Top 5 Ableton Push 3 Questions Answered

Ableton today introduced Push 3, which features expressive MPE pads, new connectivity and the ability to run Live standalone.

Here are answers to 5 top Push 3 questions:

Can you move Live projects back and forth between Push 3 and your computer?

Anything you create using Push in Standalone Mode can be transferred to your computer over WiFi, and opened in Live. Alternately, you can create music in Live, using Push as your controller. Finally, you can take projects created on your computer and transfer them to Push 3 and perform with them in Standalone mode.

Details on transferring Live projects with Push 3 are available on the Ableton site.

Can I work in Arrangement View when my Push is in Standalone Mode?

Push is designed around Session View. Arrangement View isn’t currently supported on Push in Standalone Mode.

Live Sets can be loaded and played back, but the Arrangement timeline can’t be edited on Push in Standalone Mode.

Do Max for Live devices work on Push 3 in Standalone Mode?

Most Ableton-built Max for Live devices will work on your Push in Standalone Mode, as will many third-party devices. But there are some exceptions.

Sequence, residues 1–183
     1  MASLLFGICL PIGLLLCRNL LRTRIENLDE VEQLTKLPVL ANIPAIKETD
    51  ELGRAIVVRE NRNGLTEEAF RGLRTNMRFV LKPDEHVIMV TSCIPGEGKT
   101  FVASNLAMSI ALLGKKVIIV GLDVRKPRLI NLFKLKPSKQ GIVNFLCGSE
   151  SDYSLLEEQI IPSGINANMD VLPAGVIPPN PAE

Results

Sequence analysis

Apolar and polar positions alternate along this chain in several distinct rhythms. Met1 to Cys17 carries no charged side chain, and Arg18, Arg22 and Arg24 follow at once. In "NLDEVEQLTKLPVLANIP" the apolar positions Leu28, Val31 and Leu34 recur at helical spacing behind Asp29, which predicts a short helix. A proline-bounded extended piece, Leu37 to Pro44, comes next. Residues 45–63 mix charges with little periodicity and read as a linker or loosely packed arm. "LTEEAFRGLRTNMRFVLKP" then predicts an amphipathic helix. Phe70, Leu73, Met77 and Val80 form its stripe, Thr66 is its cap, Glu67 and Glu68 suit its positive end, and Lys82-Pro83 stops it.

S0me Max for Live devices may have following types of limitations when used on Push Standalone:

  • Limited control – Certain parameters or modes of these devices can’t be mapped, automated or controlled.
  • Sample import is disabled – It is not possible to load new samples while using certain Max for Live devices. Device presets that reference existing samples are not affected.
  • Playback only – The device can only be played back.
  • Does not work – The device does not work at all on Push

See the Ableton site for more information.

Will plugins work on Push 3 in Standalone Mode?

In standalone mode, Push 3 will run Ableton plugins, but not third-party plugins:

  • Push 3 Standalone comes with all the Ableton Live Intro instruments and effects pre-installed for standalone use.
  • If you own a Live 11 Standard or Live 11 Suite license already, or buy one with your Push, you can use the instruments and effects belonging to your license.
  • Push doesn’t support VSTs or Audio Unit plug-ins for use in Standalone Mode. To transfer a Live Set containing plug-ins from your computer to your Push, first freeze any tracks containing plug-ins.

What are the key hardware specs for Push 3 Standalone?

  • Connectivity:
    • A built-in audio interface with two inputs switchable between line (balanced) or instrument (unbalanced), two balanced outputs and a headphone jack. Connect external instruments, synths or effects and record directly into your Push in Standalone Mode, or into Ableton Live in Control Mode.
    • Class-compliant USB MIDI interfaces are supported. Connect a standard MIDI keyboard or other controller to Push for more ways to play its internal instruments, and send MIDI to your hardware for an expanded, laptop-free workstation.